A new use for okra? Researchers seek natural, alternative method to treat diabetes

November 2, 2012
Abelmoschus esculentus (AE) is one the natural plant that has been used to manage diabetes. Credit: CC Natalie Maynor http://www.flickr.com/photos/nataliemaynor/7163983339/

Researchers have studied the suitability of Abelmoschus Esculentus (AE) as complementary or as an alternative approach to treat diabetics.

Numerous studies have been carried out on AE but not much report is available on the bioactive properties of AE despite its wide usage as a medicinal plant. This study attempts to find out the hypoclycemic effects of AE, known as Okra (lady's finger),a in the mallow family and is cultivated in tropical and warm temperate regions around the world.

The researchers investigated differential expression of diabetic-specific genes in liver tissues of streptozotocin (STZ)-induced in response to AE treatment. Induced mice were divided into two groups (i) mice (n=4) were given distilled water and were set as a control, and ii) mice (n=4) were treated with 250 mg/kg of AE.

Three diabetes-specific genes of interest; carboxylesterase 2 (CES2), stearoyl-Coenzyme A desaturase 1 (SCD1) and insulin-like growth factor 1(IGF1) were selected and the of these genes were examined quantitatively. The results showed SCD1 and IGF1 were upregulated at 3.94 and 1.17 fold respectively and CES2 was downregulated at – 1.92.

This molecular study revealed the anti-diabetic properties of the AE and suggests that the extract could be developed as a prospective phytomedicinal plant. However, the researchers indicated that the physiological status of each rat may give different results with different interpretation.

The researchers suggest that future studies should involve larger array of genes analysis system, for example using microarray as a tool to reveal the of the hypoglycemic properties of AE.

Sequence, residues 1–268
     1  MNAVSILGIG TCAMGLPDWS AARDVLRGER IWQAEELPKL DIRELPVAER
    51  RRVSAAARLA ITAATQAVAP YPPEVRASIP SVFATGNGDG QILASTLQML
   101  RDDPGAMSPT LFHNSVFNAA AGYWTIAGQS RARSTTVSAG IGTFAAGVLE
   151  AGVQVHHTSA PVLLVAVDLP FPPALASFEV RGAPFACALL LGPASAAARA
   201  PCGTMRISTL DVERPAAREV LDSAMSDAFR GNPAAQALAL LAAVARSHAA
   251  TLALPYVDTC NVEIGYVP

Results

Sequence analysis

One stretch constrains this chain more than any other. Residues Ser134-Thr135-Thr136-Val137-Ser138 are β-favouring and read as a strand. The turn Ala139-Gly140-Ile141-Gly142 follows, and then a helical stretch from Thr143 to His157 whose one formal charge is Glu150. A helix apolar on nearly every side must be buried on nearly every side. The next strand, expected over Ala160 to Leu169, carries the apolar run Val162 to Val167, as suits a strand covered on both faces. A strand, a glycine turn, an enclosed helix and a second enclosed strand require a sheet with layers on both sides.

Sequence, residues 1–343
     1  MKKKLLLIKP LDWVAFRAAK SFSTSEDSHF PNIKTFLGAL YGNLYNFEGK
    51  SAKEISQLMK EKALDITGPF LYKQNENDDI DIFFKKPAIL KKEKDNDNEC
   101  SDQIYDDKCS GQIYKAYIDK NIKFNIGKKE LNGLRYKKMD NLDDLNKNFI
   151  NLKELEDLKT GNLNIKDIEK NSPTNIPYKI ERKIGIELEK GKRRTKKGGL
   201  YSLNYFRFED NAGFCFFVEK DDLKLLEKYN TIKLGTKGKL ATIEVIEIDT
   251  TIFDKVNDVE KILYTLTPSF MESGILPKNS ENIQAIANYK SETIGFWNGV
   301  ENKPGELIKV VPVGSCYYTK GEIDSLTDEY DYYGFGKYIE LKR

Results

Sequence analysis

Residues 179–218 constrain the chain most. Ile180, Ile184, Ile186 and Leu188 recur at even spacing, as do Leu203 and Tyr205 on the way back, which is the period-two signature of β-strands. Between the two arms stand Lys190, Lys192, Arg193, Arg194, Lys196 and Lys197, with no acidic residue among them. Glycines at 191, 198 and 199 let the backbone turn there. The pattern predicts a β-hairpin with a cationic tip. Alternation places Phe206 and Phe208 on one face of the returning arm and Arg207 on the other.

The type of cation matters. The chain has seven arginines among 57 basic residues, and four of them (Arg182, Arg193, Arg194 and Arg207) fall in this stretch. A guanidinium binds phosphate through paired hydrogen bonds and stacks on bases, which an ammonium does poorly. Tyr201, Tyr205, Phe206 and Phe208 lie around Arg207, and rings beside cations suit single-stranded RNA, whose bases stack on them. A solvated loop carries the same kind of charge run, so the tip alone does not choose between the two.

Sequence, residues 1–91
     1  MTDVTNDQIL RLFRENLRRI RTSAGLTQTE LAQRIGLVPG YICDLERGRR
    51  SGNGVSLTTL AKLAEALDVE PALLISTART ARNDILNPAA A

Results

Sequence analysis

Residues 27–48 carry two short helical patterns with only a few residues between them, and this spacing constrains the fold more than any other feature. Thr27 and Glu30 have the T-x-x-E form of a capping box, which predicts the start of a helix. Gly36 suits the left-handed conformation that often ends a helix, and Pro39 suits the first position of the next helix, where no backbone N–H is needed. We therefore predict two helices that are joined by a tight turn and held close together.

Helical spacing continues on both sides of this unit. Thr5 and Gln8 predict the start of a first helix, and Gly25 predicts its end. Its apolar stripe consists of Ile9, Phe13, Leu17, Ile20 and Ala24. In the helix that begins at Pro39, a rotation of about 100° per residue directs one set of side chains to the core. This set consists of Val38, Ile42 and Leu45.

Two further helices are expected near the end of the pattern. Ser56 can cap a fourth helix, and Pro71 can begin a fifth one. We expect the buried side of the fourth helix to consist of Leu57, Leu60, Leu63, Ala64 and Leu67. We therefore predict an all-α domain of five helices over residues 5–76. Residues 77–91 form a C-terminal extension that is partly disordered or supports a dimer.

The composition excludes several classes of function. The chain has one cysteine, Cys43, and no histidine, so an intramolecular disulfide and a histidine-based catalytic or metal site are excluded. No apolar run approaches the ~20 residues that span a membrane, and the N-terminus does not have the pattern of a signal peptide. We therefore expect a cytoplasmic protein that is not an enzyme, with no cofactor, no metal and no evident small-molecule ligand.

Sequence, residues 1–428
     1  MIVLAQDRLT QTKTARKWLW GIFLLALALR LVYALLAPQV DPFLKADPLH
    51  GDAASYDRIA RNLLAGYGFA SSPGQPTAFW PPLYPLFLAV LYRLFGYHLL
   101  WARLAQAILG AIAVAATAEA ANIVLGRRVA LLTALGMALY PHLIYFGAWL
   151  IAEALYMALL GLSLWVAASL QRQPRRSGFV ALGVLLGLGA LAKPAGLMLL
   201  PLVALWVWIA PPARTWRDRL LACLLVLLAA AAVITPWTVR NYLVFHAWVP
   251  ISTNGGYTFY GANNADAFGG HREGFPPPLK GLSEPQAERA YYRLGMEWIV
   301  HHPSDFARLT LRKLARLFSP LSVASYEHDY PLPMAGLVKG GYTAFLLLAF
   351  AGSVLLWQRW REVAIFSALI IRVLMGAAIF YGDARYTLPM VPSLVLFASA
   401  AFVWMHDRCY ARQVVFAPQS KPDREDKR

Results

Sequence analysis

The findings in this experiment revealed the changes in that may relate to the underlying mechanism of diabetic pathophysiology, suggesting a new potential target for . Knowledge gained from this may be used to develop a new research which could enable researchers to extract the pure compound that actually demonstrated the hypoglycemic effect in diabetic mice.

Explore further: Research aims to prevent diabetic kidney failure

Related Stories

Research aims to prevent diabetic kidney failure

November 5, 2011

The enzyme arginase-2 plays a major role in kidney failure, and blocking the action of this enzyme might lead to protection against renal disease in diabetes, according to researchers.

Recommended for you

New theory on how insulin resistance, metabolic disease begin

September 26, 2016

Does eating too much sugar cause type 2 diabetes? The answer may not be simple, but a study published Sept. 26 in the Journal of Clinical Investigation adds to growing research linking excessive sugar consumption—specifically ...

Unique molecular atlas of pancreas produced

September 23, 2016

Researchers at Karolinska Institutet have managed to produce the first molecular map of the genes that are active in the various cells of the human pancreas. They have also revealed differences in genetic activity between ...

Can long naps cause diabetes?

September 14, 2016

A study presented at a scientific congress Thursday reported a link between long naps and a higher risk of diabetes, though it couldn't say if daytime sleeping was a symptom or a cause.

0 comments

Please sign in to add a comment. Registration is free, and takes less than a minute. Read more

Click here to reset your password.
Sign in to get notified via email when new comments are made.